Philosophy of science discusses and formalises questions that all good scientists and interested observers consider at some point. I’ll hopefully get back to reading more of it and writing a bit more on here. For now, as a kind of introduction, I’ve uploaded two final-year essays from my philosophy of science course. Like most things written by a student for an assessor who knows much more about the subject than they do, they tend to be a strange mix of endearing simplicity and specialists-only balls-out complexity — I hope that the essential ideas still come through and maybe prompt anyone who is interested to research further:

What is a gene? 

concerns the often-neglected field of the philosophy of biology. The ‘gene’, ingrained in the modern consciousness and underpinning huge swathes of new research, is a surprisingly hazy concept. I describe its heritage and development and discuss ways that people have sought to clarify its meaning.

Critically examining structural realism

looks at a big question: How and to what extent do scientific theories describe how the world really is? I introduce the problems of various apparently appealing viewpoints and outline structural realism, which attempts to get round those problems.

How to stop the cable on 9-volt adaptors from breaking

Here’s a common problem for people who own small electronic devices, especially power adaptors for effects boxes.

This is an adaptor from my compressor; it outputs a special voltage, has a special plug on the end, and is expensive to replace. I found that out when, as with every other adaptor like this, the extremely thin cable eventually broke at the point where it joins the body of the adaptor. Even if you’re really careful, a few months or years of wear and tear is usually enough to break it because whenever tension is applied to the cable, it is applied to the same place — a join with only very weak stress relief. The cable bends and flexes in all directions, weakens, and after a while either the coating or the wire itself breaks.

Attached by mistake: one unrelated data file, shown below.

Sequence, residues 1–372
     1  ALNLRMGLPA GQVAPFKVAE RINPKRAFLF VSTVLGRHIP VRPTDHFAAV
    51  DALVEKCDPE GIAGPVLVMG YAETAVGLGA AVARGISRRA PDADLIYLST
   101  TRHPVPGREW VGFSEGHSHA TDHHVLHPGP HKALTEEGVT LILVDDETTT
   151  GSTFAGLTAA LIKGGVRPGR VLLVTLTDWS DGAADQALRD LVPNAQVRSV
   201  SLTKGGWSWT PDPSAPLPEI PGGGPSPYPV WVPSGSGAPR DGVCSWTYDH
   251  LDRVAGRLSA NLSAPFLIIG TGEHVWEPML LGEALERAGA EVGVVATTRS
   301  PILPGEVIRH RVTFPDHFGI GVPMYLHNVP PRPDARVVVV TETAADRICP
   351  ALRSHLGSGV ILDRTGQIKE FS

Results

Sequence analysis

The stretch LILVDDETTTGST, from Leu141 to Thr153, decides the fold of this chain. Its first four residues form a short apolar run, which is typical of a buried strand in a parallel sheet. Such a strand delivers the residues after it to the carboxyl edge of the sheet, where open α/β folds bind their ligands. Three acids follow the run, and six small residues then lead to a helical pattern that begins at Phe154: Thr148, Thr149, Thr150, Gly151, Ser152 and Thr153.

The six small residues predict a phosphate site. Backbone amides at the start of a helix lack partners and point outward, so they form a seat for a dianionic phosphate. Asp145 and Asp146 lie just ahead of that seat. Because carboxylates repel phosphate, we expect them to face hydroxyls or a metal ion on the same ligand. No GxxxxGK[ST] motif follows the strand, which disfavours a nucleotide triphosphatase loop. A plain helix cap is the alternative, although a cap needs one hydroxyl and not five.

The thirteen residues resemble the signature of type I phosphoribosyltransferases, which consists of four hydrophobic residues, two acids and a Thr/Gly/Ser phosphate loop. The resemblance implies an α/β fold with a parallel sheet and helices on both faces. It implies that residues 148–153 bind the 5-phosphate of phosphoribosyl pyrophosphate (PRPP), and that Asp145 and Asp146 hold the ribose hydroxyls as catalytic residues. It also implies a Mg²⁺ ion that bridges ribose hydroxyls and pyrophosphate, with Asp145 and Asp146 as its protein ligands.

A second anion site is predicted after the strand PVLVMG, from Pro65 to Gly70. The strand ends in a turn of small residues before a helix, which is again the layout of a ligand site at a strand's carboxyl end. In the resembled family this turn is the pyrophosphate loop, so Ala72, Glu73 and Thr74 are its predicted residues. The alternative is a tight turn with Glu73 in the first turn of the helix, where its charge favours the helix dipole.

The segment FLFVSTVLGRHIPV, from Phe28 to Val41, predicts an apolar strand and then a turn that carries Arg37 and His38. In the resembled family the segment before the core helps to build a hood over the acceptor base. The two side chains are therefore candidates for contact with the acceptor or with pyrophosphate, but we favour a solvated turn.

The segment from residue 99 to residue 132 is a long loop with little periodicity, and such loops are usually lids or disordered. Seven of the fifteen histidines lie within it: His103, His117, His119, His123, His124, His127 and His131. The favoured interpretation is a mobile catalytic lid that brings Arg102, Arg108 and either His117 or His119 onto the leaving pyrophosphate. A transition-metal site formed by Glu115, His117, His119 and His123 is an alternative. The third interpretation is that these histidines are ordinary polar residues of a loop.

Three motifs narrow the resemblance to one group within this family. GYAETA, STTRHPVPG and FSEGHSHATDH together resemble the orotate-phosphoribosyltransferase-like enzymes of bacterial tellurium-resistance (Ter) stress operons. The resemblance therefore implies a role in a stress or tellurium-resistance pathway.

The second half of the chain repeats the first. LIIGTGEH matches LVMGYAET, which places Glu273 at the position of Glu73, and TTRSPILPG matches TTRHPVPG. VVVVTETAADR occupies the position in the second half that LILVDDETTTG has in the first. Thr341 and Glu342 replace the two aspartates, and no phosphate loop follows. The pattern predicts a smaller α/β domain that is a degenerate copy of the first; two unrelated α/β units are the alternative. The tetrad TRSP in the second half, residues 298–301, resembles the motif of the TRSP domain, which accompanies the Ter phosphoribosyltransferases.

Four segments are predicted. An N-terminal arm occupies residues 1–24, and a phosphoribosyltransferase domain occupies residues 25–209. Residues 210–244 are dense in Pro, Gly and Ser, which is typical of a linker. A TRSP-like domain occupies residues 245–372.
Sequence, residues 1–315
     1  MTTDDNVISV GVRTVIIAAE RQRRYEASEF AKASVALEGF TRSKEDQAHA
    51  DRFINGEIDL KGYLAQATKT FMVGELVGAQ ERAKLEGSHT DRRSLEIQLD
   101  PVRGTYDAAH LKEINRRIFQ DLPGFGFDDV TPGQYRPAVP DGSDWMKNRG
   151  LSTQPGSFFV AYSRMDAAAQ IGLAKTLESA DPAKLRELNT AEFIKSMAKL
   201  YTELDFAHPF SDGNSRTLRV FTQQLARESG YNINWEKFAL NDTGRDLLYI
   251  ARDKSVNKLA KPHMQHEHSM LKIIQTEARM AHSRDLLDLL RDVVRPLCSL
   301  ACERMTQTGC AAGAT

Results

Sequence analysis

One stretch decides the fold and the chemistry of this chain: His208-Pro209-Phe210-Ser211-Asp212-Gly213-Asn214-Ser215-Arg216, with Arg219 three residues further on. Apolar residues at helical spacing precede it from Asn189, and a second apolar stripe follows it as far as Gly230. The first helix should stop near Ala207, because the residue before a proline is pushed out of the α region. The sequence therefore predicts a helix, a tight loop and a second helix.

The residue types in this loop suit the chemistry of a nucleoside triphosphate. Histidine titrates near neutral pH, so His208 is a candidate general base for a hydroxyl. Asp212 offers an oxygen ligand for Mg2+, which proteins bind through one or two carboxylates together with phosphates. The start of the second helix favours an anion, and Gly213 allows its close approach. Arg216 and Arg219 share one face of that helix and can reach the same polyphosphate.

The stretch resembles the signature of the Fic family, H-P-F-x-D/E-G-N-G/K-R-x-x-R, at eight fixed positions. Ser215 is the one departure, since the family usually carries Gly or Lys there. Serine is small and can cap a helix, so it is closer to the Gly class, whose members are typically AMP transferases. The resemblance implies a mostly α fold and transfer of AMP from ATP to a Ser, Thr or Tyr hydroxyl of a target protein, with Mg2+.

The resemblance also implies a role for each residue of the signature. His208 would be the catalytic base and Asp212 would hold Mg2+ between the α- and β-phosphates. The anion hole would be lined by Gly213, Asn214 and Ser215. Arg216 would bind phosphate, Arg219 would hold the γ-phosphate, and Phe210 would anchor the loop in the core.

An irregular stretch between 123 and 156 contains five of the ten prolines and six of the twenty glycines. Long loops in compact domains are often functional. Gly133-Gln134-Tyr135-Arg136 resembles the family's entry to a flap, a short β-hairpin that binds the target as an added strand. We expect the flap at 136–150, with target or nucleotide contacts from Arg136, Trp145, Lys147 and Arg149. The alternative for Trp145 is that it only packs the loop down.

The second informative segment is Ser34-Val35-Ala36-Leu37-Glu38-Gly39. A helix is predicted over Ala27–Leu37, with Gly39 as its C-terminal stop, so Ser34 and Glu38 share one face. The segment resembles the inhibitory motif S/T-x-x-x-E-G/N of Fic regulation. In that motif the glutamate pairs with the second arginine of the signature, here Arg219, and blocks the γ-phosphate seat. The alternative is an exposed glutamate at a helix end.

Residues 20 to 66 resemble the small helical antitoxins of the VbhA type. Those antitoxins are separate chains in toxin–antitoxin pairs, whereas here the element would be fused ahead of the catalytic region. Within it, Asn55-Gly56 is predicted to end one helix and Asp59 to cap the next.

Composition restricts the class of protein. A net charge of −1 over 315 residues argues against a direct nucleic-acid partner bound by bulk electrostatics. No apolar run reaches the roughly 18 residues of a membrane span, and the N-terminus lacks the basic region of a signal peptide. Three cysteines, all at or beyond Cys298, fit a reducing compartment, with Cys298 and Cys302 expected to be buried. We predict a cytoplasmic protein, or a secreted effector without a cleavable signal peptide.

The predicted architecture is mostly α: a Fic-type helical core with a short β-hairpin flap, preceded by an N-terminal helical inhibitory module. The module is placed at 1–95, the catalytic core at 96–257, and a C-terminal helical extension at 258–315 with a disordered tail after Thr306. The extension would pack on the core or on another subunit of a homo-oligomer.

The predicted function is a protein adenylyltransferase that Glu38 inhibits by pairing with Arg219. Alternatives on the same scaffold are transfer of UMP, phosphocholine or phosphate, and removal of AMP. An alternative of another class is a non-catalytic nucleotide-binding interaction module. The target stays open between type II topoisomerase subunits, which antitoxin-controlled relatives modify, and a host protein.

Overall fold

When I got the replacement I came up with a nice way of preventing the same thing happening again. I took a cable tie, wrapped it around the body of the adaptor and loosely threaded the power cable in and out of the tie, following it once around the body. Then I tightened the cable tie and snipped it off, as shown in the picture below.

Threading the cable loosely through a tie wrapped round the body to relieve tension at the join.

This means that the join between the cable and body (the bit that always breaks) is never subject to tension and never moves, so it doesn’t break. Instead, pulling on the cable just smoothly induces a little bit of tension and only a slight bending at all the points where it crosses over the cable tie. The stress in any one part of the cable is never enough to break it, so it doesn’t break even if you grab the cable by the end and swing the adaptor around the place. And that’s magic.